While talking to BBC1 — ostensibly to promote his new album, Ghost Stories – Coldplay frontman Chris Martin didn’t why away from discussing his marriage to Gwyneth Paltrow. Nor did interviewer Zane Lowe waste any time going right for the question everyone’s wondering: Did his relationship’s breakdown inspire Ghost Stories? READ FULL STORY
Here’s your mid-week nostalgia fix, courtesy of tUnE-yArDs.
Pee-Wee’s Playhouse, that wonderfully weird cult kids show of the late ’80s, serves as inspiration for the band’s “Water Fountain” music video, and it’s quite charming. While not an exact recreation of Pee-Wee Herman‘s sweet digs, the play land coming from the brains of tUnE-yArDs’ frontwoman Merrill Garbus and director Joel Kefali pays technicolor homage to that Sphinx-topped abode of yore. There are puppets, a cooking segment, and even a Chairy-like couch and dancing robot, a la Conky. Take a look:
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Once again, Justin Bieber is making headlines for a photo he posted on Instagram. Luckily, this one has nothing to do with Anne Frank or urinating. It does, however, involve World War II. Intriguing, right?
While visiting Tokyo, the young Biebs paid a visit to the Yasukuni Shrine. As you may know, the Yasukuni Shrine is a big point of dispute between China and Japan, because it honors Japan’s fallen WWII soldiers — including those who committed major atrocities in Asia during the war. So when Bieber posted a photo of himself bowing his head at the entrance to the shrine with the caption, “Thank you for your blessings,” he offended many of his Chinese fans.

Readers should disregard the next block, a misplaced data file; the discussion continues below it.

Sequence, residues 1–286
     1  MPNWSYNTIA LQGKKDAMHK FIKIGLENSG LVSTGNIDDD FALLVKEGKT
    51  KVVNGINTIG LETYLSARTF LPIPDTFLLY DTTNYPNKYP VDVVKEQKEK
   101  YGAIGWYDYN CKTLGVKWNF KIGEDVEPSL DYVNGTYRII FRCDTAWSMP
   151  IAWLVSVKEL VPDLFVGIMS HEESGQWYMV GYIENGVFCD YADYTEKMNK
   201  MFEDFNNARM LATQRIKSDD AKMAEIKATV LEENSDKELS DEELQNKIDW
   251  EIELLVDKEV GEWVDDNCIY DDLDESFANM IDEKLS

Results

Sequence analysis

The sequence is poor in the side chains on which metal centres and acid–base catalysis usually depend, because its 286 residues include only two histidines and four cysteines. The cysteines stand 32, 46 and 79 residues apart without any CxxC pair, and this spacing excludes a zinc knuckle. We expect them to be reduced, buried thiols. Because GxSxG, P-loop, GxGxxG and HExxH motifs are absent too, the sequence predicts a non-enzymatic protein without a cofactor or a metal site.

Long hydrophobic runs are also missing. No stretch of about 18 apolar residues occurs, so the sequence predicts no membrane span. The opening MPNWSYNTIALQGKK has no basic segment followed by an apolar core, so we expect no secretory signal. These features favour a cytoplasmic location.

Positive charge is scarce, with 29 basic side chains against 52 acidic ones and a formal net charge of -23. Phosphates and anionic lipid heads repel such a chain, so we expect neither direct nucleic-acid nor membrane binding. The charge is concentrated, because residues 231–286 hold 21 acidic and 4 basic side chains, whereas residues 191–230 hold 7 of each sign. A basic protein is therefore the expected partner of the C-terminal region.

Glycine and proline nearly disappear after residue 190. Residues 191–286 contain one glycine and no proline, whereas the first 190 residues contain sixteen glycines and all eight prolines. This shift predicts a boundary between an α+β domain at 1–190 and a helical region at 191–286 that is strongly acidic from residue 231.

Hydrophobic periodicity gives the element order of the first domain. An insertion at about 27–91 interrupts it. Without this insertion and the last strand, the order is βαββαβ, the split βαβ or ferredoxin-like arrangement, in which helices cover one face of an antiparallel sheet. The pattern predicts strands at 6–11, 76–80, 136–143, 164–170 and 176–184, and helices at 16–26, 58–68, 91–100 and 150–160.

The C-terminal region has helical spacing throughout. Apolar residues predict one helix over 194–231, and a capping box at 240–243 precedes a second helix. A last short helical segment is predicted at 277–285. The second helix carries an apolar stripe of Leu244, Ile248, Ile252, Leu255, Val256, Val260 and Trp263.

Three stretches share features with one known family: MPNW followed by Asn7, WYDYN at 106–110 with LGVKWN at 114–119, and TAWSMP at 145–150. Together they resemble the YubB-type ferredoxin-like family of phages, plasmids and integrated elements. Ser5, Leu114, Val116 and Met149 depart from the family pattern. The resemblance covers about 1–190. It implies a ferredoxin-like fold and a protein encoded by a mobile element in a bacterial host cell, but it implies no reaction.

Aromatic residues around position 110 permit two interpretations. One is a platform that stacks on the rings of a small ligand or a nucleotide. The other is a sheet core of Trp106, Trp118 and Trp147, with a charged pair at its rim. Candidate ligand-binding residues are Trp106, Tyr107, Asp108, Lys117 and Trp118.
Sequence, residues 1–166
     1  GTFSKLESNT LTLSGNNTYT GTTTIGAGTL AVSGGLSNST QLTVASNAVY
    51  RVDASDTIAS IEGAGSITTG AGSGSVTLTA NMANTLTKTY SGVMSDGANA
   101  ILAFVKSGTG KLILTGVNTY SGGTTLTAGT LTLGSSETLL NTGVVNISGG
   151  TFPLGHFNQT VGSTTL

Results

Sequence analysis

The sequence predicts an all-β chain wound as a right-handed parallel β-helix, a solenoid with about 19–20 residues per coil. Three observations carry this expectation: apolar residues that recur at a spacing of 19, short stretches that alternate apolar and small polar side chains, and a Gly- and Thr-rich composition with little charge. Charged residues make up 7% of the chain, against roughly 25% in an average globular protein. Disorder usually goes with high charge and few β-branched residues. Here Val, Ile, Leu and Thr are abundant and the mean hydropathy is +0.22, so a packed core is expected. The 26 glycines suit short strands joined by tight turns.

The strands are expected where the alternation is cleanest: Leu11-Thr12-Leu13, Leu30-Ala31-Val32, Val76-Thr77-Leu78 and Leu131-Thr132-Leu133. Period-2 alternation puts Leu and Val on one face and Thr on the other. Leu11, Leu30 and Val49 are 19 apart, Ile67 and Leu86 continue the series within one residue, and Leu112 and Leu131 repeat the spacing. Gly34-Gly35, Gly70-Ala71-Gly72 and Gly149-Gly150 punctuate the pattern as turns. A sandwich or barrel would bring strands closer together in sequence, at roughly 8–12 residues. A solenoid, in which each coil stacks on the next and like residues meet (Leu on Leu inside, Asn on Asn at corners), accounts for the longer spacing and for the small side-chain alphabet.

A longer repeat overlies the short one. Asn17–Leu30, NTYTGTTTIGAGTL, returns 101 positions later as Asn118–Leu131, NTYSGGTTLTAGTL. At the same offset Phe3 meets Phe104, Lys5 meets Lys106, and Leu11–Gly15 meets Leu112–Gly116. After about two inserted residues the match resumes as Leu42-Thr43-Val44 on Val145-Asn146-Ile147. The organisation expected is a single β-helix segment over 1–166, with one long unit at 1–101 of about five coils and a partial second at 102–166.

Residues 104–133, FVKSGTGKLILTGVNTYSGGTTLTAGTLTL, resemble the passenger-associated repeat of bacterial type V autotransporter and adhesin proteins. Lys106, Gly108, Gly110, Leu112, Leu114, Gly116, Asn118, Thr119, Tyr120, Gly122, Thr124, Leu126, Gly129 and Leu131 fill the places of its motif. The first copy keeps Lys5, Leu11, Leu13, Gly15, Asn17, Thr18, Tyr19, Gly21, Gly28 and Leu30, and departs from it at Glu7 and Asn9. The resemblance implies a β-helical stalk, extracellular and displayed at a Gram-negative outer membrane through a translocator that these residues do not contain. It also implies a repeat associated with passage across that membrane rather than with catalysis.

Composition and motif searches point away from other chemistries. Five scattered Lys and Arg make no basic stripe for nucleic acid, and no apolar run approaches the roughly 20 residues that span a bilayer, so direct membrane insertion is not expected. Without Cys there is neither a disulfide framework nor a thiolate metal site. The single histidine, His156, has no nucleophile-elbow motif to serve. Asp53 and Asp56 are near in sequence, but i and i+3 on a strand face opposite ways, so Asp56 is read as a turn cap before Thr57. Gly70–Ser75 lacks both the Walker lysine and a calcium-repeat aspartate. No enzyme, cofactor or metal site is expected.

So Avril Lavigne has made a new music video, about which there are several dozen completely accurate, utterly withering comments to make. She’s trying to out-Miley Miley; she’s aiming for Gaga but barely achieving Xtina; Kesha wants her dollar sign back; this is literally just “Hollaback Girl.”
There are serious questions about whether it’s offensive (expressionless Asian dancers, Tokyo-as-prop) or offensively obvious (this one’s for you, large Japanese fanbase!). There are even more serious questions about the title, “Hello Kitty,” which is also like half of the lyrics, and which everyone agrees is a double entendre. READ FULL STORY
When you create something for public consumption, you’re putting yourself in a very fragile position. For example, creating a popular television show means handing your beloved characters over to the world for weekly scrutinizing. Then again, it also means handing them over for weekly adoration. But no matter how beloved a show, movie, album, or book might be, no creator is perfect. And by default, no creator’s work is perfect.
That being said, there are few times in the world of pop culture where a creator has come forth and apologized for a large piece of work. Do rappers often have to apologize for certain lyrics? Yes. Are there controversial moments in television episodes that get addressed immediately? Of course. But looking back at an entire season of television or a film and saying “sorry” to fans is a rarity in this business. And in honor of Aaron Sorkin’s recent apology to fans of The Newsroom, we’ve rounded up some other notable apologies. And you know what? We’re not sorry about it.